Luge Canada

Canadian Luge Athletes Strike Gold in World Cup Team Competition

Sam Edney caps off medal-winning weekend with 16th-place finish in men's singles

IGLS, Aut.—Canada’s determined luge team served notice to the world they are for real, and will be a force to reckon with in the team competition that will make its debut at the 2014 Olympic Winter Games after wining the gold medal at the season-opening World Cup event in Igls, Austria on Sunday.

Feeding off her bronze-medal performance in Saturday’s women’s singles race, Canada’s 23-year-old Alex Gough joined forces with Sam Edney, 27, and a 20-year-old doubles tandem of Tristan Walker and Justin Snith, to lead the world’s best down the track in Igls, Austria. The Calgary-based Canadian sleds proved they are developing into one of the most consistent teams in the world after punching the clock with a golden time of two minutes, 8.774 seconds.

“The team event is about putting three quality runs together and posting a solid time. We did that and it is a sweet victory for us,” said Sam Edney. “Winning a team event shows the success of an entire program. We are growing up together as a group. People now look at Canada differently <in luge>, and are realizing that we are contenders every time we participate in one of these competitions. Being on the circuit for a number of years now, that is a good feeling.”

The young Canucks knocked off a powerful German squad who won the silver with a time of 2:08.991. Russia rounded out the team podium in third at 2:09.427.

The team competition, which is a one-run bomb race, consists of one female sled, one male sled and one doubles team sled, who each complete one run for a combined final time. In an effort to make the event more exciting for the teams and spectators, the International Luge Federation introduced the relay-type system that had the athletes hitting a pad at the finish, which in turn opens the gate at the start for the next team member. Strategy comes into play as the coaches communicate over radio to make sure the next athlete is ready to go as soon as the gate opens.

“That was some bad ass sliding today. It was solid racing in a really tough competition,” said Wolfgang Staudinger, head coach, Canadian Luge Team. “This event is now in the Olympics and is no joke anymore. The world takes it very seriously,”

The International Olympic Committee announced earlier this year the luge team event will make its Olympic debut at the 2014 Games in Sochi, Russia.

Historically Canada has done well in the team format where they have regularly slid onto the podium. They won gold in the team format in Austria two years ago, and were second last year.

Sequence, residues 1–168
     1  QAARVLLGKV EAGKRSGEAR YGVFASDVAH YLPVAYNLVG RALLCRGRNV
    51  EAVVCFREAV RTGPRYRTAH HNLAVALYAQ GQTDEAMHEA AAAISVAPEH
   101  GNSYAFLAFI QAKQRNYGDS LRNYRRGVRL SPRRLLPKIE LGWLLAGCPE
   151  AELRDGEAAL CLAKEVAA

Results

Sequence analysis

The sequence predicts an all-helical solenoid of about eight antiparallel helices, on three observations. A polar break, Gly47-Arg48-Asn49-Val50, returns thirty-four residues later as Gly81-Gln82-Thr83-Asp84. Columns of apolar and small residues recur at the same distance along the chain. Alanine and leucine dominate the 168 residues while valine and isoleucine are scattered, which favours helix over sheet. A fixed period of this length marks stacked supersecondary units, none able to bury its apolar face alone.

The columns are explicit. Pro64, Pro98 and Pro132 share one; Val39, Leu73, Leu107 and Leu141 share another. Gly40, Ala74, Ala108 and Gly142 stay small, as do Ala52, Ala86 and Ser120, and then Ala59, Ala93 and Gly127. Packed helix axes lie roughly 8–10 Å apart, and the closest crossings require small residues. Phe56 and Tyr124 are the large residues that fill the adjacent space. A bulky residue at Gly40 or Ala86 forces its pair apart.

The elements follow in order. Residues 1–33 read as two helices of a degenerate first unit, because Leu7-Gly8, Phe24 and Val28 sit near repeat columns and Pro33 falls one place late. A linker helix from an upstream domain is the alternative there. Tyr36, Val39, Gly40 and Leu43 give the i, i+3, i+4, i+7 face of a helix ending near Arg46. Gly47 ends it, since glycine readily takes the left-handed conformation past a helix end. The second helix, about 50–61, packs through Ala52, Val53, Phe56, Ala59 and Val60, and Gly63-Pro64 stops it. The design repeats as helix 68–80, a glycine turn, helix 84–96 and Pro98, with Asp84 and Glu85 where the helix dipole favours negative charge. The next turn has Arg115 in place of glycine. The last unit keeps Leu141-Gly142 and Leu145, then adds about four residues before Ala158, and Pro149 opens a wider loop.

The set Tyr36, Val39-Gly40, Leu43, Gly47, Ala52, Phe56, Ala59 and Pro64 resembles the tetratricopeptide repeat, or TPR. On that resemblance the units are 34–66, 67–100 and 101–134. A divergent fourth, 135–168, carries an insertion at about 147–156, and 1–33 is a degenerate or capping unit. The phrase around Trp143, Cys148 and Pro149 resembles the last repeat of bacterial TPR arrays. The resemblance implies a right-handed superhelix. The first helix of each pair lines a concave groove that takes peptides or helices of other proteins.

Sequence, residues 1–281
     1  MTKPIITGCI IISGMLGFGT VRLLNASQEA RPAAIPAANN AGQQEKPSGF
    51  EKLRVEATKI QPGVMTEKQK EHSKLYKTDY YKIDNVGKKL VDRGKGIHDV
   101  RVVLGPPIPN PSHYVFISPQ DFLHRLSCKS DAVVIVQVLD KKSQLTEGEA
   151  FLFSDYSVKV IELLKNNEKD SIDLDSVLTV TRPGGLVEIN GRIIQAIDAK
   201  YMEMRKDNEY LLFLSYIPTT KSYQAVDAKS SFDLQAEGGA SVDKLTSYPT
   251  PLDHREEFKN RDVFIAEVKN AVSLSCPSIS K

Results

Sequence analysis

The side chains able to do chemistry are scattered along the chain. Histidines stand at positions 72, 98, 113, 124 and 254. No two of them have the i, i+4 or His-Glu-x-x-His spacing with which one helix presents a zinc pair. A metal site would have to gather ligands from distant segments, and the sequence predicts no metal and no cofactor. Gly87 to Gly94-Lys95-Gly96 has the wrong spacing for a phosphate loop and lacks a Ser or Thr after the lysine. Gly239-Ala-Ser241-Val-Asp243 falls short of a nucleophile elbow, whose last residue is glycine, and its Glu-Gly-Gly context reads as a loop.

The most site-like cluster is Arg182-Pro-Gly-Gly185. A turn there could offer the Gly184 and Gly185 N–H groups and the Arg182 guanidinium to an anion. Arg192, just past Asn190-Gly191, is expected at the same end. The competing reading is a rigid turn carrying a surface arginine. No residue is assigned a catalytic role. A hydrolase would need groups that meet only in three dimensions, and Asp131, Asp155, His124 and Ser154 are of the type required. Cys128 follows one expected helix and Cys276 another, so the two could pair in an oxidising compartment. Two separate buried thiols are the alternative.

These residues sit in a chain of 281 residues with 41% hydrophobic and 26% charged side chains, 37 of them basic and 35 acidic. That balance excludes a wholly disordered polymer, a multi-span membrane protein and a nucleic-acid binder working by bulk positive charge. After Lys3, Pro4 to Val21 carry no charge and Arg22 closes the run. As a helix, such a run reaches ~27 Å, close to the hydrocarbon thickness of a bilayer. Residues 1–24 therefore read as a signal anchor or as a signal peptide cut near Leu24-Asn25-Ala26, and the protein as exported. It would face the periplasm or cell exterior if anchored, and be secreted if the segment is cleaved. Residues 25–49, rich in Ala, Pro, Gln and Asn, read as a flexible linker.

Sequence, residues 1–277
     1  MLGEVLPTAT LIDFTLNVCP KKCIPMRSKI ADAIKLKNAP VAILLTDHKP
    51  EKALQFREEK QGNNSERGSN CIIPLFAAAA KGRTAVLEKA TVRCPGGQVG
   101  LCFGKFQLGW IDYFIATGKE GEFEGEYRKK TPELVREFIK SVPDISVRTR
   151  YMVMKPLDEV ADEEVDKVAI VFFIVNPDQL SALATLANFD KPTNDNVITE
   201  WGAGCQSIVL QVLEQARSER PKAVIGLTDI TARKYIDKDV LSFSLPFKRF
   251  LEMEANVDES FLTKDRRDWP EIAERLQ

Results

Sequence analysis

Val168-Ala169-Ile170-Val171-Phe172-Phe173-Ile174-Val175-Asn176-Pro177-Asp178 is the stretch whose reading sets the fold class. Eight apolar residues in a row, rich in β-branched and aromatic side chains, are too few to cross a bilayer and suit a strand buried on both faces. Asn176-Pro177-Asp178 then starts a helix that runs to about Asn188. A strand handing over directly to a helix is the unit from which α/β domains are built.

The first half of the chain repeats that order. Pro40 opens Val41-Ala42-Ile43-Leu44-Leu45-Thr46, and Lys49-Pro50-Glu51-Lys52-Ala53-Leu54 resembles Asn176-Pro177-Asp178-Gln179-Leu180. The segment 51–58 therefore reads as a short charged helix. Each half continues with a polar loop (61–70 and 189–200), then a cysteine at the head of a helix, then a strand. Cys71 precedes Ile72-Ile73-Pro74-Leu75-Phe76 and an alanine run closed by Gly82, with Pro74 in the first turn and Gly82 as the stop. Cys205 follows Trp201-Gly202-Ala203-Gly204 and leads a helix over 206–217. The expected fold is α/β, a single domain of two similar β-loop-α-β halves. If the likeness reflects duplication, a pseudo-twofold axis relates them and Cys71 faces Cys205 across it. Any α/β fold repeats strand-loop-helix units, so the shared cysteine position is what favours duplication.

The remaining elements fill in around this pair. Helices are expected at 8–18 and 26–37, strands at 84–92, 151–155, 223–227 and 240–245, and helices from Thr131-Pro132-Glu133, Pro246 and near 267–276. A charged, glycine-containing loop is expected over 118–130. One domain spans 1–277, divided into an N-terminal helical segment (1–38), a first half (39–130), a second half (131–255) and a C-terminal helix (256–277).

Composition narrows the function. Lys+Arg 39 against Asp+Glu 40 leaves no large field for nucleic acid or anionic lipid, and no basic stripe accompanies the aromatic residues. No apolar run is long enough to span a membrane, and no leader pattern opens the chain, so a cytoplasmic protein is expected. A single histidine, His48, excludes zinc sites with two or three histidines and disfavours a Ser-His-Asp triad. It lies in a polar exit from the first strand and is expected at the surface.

“I think other countries knew we were quick, but are extremely surprised out how consistent and solid we have been lately,” said Staudinger. “We still have lots of work to do on our starts, but we are on a good path right now and I am extremely happy for our team.”

Earlier in the day Calgary’s Sam Edney was the lone Canadian to compete in the men’s singles race where he finished 16th with a time of 1:41.299.

“Igls and I have a bit of a love-hate relationship,” said Edney. “I have been sliding well but I’m sick of watching myself be one of the best going down the track, but not fast. I had a good discussion with my coaches between runs, and we realize it is time to take some risks and attack. I’m not thrilled with my result, but things are heading in the right direction and I’m motivated to get to Whistler.”

Germany’s Felix Loch won the season opener with a two-run combined time of 1:40.270. David Möller, also of Germany, grabbed the silver at 1:40.573, while Italy’s Armin Zöggeler took home the bronze with a time of 1:40.627.

The Canadian squad now travels home for the return of the World Cup in Whistler, B.C. for the first time since the 2010 Olympic Winter Games.

The Canadian Luge Association is a not-for-profit organization governing the sport of luge across the country. With the financial backing of its title sponsor, Fast Track Capital, along with the support from the Government of Canada, Canadian Olympic Committee and Own the Podium, the Canadian Luge Association safely recruits and develops the nation’s current and future high-performance luge athletes with the goal of regularly climbing onto the international podium. For more information on the Canadian Luge Association, please visit us at on the Internet.

Top-Five Team Competition Results;
1. Canada, 2:08.774; 2. Germany, 2:08.991; 3. Russia, 2:09.427; 4. Austria, 2:09.461; 5. Latvia, 2:09.674.

Men’s Top-Five Results:
1. Felix Loch, GER, 1:40.270; 2. David Möller, GER, 1:40.573; 3. Armin Zöggeler, ITA, 1:40.627; 4. Johannes Ludwig, GER, 1:40.699; 5. Albert Demchenko, RUS, 1:40.728.
Canadian Results:
16. Sam Edney, Calgary, 1:41.299.


Chris Dornan
Media and Public Relations
Canadian Luge Association
T: 281-703-4394